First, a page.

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Apple's New Feature To Combat Motion Sickness For Phone Users In Cars

Apple is introducing a new feature called Vehicle Motion Cues to help combat motion sickness when using iPhones and iPads in cars. This feature will display small animated dots on the screen edges that move in sync with the car's movements, reducing sensory conflict.

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Good news for everyone who struggles with motion sickness while using their phones in the car. Apple is introducing a new feature called Vehicle Motion Cues, designed to help passengers avoid feeling queasy when using their iPhone or iPad on the go. This feature is part of a set of new accessibility updates coming to Apple devices later this year.

Apple explained in a news release that motion sickness often happens because of a conflict between what you see and what you feel. This can make it hard for some people to comfortably use their phones or tablets while riding in a car. To address this, Vehicle Motion Cues will display small animated dots on the edges of the screen. These dots move in response to the car's movements—turning, accelerating, or braking. By mimicking these motions, the dots help the brain align what you're seeing on the screen with the car's movement, reducing the sensory conflict that causes motion sickness.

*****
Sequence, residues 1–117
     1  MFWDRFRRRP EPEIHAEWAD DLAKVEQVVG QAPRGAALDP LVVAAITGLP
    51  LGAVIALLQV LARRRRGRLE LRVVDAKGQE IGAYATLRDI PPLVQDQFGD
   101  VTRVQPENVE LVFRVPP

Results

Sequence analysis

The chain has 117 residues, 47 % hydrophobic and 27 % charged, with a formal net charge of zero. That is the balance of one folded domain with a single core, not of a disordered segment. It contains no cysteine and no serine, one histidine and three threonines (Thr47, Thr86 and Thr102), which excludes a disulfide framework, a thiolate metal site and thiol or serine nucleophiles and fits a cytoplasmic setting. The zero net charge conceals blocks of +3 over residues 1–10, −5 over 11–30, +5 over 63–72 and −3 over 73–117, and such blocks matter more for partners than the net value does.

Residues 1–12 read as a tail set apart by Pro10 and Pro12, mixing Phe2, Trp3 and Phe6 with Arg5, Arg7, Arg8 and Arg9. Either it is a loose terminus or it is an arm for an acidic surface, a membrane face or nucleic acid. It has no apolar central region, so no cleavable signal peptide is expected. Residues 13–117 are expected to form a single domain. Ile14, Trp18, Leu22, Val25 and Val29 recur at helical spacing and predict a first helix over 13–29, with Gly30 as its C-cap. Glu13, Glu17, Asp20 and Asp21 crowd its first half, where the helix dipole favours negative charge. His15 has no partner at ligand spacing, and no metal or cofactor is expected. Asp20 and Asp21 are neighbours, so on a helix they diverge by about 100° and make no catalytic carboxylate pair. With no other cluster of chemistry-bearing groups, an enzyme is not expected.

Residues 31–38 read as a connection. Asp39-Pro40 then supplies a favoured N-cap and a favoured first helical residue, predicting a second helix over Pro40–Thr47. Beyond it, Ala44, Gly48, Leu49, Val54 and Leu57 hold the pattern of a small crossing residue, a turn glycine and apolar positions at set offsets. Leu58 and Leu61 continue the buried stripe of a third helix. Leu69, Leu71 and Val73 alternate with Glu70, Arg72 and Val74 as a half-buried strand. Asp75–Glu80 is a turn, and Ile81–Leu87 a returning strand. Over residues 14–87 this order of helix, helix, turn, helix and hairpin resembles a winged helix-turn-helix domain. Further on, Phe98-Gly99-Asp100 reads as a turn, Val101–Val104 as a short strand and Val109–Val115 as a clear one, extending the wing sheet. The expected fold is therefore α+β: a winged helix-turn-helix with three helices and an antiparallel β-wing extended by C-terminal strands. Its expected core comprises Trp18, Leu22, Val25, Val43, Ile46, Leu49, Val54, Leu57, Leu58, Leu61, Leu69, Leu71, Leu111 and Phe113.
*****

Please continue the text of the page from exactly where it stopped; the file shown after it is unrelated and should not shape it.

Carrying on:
The dots are designed to be unobtrusive, so they won’t interfere with whatever you’re looking at on your device. The feature can be set to activate automatically since iPhones have built-in sensors that detect when you’re in a moving vehicle. Alternatively, users can turn it on or off through the Control Center.

This update is part of a broader effort by Apple to enhance accessibility features on their devices. Another exciting addition is Eye Tracking, which will allow users with physical disabilities to control their iPhone or iPad using just their eyes.

Apple CEO Tim Cook highlighted the company's dedication to innovation and inclusivity: "We believe deeply in the transformative power of innovation to enrich lives. We’re continuously pushing the boundaries of technology, and these new features reflect our long-standing commitment to delivering the best possible experience to all of our users."

Other upcoming features include Music Haptics, which will help users who are deaf or hard of hearing to experience music through vibrations, and Vocal Shortcuts, which will allow users to assign custom sounds for Siri to understand and perform tasks. Additionally, the Listen for Atypical Speech feature will enable devices to learn and recognize diverse speech patterns, improving speech recognition for a wider range of users.

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